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Cool HTML5 and jQuery Animated pie Chart

Created 12 years ago   Views 24001   downloads 4559    Author elated
Cool HTML5 and jQuery Animated pie Chart
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In this tutorial we'll going to show you how to build a lovely, interactive pie chart using the latest HTML5 technologies. Not that long ago, this kind of thing was only practical to do with Flash. Now, thanks to advances such as the HTML5 canvas element, we can create pretty nifty animated effects using nothing but JavaScript, CSS, and a small sprinkling of maths!

Step 1. Create the markup

Here's the markup for our chart page:

<!DOCTYPE html>
<html xmlns="">

<title> | Snazzy Animated Pie Chart with HTML5 and jQuery - Demo</title>
<meta http-equiv="Content-Type" content="text/html;charset=utf-8" >


<div id="container">

  <div class="wideBox">
    <h1>Widgets Sold in 2010</h1>
    <p>Click a colour in the chart, or an item in the table, to pull out a slice! <a href="#">Back to Tutorial</a></p>

  <canvas id="chart" width="600" height="500"></canvas>

  <table id="chartData">

      <th>Widget</th><th>Sales ($)</th>

    <tr style="color: #0DA068">

    <tr style="color: #194E9C">

    <tr style="color: #ED9C13">

    <tr style="color: #ED5713">

    <tr style="color: #057249">

    <tr style="color: #5F91DC">

    <tr style="color: #F88E5D">

  <div class="wideBox">
    <p>© | <a href="#">Back to Tutorial</a></p>
    <p style="font-size: .8em"><a rel="license" "><img alt="Creative Commons License" style="border-width:0" src="" /></a><br />This <span xmlns:dc="" href="" rel="dc:type">work</span> by <a xmlns:cc="" href="" property="cc:attributionName" rel="cc:attributionURL"></a> is licensed under a <a rel="license" href="">Creative Commons Attribution 3.0 Unported License</a>.</p>



The markup is pretty simple. It contains:

  • A "container" div to wrap and centre the content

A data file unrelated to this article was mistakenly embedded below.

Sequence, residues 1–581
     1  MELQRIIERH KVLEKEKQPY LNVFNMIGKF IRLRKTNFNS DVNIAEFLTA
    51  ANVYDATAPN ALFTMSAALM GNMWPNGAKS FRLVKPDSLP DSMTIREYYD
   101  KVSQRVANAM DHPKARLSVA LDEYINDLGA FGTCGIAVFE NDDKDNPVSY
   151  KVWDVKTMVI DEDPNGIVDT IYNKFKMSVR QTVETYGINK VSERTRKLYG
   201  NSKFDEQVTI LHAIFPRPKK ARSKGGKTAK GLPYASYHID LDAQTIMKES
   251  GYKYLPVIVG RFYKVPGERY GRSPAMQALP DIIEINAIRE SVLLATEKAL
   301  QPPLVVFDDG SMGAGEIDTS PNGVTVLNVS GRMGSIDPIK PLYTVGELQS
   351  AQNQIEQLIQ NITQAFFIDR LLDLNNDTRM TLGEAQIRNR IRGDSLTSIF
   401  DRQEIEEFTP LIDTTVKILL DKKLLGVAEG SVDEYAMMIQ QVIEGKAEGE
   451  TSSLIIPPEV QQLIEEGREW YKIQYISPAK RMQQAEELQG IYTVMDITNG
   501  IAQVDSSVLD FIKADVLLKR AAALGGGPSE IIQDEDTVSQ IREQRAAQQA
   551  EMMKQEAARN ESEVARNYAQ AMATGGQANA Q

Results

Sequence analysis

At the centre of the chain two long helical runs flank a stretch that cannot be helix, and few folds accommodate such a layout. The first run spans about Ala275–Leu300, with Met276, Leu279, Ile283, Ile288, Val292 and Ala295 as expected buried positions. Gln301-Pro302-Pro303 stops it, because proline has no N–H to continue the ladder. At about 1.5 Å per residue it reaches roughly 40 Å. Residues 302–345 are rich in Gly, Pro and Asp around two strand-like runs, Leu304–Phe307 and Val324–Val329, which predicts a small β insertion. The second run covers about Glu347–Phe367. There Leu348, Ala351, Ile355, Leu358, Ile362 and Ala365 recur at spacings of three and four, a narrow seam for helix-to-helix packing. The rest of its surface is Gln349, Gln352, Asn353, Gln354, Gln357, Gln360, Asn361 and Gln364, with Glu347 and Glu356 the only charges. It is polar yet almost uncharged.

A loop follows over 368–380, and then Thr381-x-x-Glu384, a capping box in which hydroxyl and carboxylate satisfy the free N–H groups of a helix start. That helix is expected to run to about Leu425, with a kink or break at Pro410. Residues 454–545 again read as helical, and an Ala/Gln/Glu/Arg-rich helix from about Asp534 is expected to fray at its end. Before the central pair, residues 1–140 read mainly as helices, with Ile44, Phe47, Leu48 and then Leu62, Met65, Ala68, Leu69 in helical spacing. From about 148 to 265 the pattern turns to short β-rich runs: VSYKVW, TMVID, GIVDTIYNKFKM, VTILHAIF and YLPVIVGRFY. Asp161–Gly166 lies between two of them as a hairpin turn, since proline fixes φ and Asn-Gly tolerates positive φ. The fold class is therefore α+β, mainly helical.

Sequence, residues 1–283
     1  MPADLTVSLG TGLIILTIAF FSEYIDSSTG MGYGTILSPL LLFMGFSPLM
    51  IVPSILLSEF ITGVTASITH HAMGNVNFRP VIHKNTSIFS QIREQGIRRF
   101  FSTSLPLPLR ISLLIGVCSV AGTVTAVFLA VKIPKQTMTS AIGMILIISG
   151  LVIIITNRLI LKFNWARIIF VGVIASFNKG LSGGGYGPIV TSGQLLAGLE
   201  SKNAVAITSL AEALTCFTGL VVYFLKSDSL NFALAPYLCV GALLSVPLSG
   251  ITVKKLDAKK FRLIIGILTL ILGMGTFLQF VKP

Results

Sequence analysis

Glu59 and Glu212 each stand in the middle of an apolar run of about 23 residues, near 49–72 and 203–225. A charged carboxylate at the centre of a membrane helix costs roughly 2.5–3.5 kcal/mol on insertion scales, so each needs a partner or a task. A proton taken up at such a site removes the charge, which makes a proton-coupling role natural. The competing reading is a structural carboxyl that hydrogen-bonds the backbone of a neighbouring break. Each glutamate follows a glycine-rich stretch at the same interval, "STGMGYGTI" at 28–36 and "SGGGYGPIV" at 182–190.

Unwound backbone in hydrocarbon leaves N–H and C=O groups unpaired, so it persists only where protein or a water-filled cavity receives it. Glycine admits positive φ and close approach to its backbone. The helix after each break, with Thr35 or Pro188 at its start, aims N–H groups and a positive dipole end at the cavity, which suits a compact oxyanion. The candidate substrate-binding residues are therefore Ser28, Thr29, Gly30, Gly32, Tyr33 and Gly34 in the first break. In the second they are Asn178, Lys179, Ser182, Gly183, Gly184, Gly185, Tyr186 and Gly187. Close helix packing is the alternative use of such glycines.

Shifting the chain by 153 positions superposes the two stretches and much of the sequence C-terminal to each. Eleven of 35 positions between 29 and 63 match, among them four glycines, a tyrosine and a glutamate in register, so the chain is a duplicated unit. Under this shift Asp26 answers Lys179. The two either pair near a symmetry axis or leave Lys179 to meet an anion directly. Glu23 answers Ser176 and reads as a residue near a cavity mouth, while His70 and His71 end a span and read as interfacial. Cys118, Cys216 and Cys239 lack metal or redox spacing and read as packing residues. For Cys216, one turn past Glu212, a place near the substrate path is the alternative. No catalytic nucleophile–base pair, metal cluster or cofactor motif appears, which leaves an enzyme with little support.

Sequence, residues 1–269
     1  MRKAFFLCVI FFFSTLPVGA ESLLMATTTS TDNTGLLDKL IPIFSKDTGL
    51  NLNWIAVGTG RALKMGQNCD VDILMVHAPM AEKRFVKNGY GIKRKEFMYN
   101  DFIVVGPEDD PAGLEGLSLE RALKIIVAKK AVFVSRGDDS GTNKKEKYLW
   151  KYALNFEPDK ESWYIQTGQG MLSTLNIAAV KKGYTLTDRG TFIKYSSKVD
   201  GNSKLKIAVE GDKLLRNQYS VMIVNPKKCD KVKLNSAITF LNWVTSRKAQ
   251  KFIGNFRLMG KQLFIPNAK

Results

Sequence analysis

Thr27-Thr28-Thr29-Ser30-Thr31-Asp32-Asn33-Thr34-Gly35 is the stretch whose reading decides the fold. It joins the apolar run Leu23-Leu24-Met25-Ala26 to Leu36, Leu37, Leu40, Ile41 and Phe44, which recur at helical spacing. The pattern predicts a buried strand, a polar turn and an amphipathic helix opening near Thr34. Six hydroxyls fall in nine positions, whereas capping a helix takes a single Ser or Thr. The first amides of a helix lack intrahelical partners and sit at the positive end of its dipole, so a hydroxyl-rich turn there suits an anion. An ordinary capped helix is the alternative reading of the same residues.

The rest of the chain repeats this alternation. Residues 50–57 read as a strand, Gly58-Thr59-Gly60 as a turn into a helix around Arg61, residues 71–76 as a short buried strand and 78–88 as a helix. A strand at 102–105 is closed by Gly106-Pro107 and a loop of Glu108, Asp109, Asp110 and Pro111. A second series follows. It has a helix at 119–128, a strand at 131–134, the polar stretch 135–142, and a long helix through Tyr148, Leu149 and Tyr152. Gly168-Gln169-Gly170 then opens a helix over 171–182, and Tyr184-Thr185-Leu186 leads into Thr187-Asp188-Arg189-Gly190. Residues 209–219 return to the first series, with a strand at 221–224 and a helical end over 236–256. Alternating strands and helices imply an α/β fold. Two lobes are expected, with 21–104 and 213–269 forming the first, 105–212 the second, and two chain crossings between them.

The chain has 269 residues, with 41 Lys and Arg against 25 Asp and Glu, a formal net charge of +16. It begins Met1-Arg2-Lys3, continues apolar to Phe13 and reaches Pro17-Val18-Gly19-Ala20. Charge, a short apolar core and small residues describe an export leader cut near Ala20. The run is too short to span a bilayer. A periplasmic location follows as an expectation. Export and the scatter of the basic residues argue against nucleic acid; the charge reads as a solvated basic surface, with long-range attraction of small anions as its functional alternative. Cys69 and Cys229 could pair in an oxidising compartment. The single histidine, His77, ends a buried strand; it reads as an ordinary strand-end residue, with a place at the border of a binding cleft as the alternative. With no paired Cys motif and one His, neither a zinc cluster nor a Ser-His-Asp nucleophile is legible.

• An HTML5 canvas element for the pie chart
  • A table element containing the chart data
  • Header and footer boxes containing the chart title, copyright and so on

Notice that the tr (table row) elements in the table are all given their own colours. Later, we'll use our JavaScript to read these colour values and use them to colour the corresponding pie chart slices.

Step 2. Create the CSS

Now we've created our basic HTML page, let's add some CSS to style the various elements in the page:


body {
  background: #fff;
  color: #333;
  font-family: "Trebuchet MS", Verdana, Arial, Helvetica, sans-serif;
  font-size: 0.9em;
  padding: 40px;

.wideBox {
  clear: both;
  text-align: center;
  margin-bottom: 50px;
  padding: 10px;
  background: #ebedf2;
  border: 1px solid #333;
  line-height: 80%;

#container {
  width: 900px;
  margin: 0 auto;

#chart, #chartData {
  border: 1px solid #333;
  background: #ebedf2 url("images/gradient.png") repeat-x 0 0;

#chart {
  display: block;
  margin: 0 0 50px 0;
  float: left;
  cursor: pointer;

#chartData {
  width: 200px;
  margin: 0 40px 0 0;
  float: right;
  border-collapse: collapse;
  box-shadow: 0 0 1em rgba(0, 0, 0, 0.5);
  -moz-box-shadow: 0 0 1em rgba(0, 0, 0, 0.5);
  -webkit-box-shadow: 0 0 1em rgba(0, 0, 0, 0.5);
  background-position: 0 -100px;

#chartData th, #chartData td {
  padding: 0.5em;
  border: 1px dotted #666;
  text-align: left;

#chartData th {
  border-bottom: 2px solid #333;
  text-transform: uppercase;

#chartData td {
  cursor: pointer;

#chartData td.highlight {
  background: #e8e8e8;

#chartData tr:hover td {
  background: #f0f0f0;


Again, no big surprises here. The CSS contains rules for the page body, the wide header/footer boxes, the container, the #chart canvas element, and the #chartData table element.

A couple of points to note:

  • The #chart and #chartData elements are given a subtle gradient background, created using the image gradient.png (included in the code download). Yes, you can even have background images on canvas elements!
  • We've used the CSS3 box-shadow property (and its vendor-specific equivalents) to add a drop shadow to the data table. (While it's also possible to add a drop shadow to the canvas element, I found that this really slowed down the pie chart animation on WebKit browsers.)

Step 3. Include the jQuery and ExplorerCanvas libraries

Now we're ready to start writing our JavaScript code. First of all, include 2 libraries: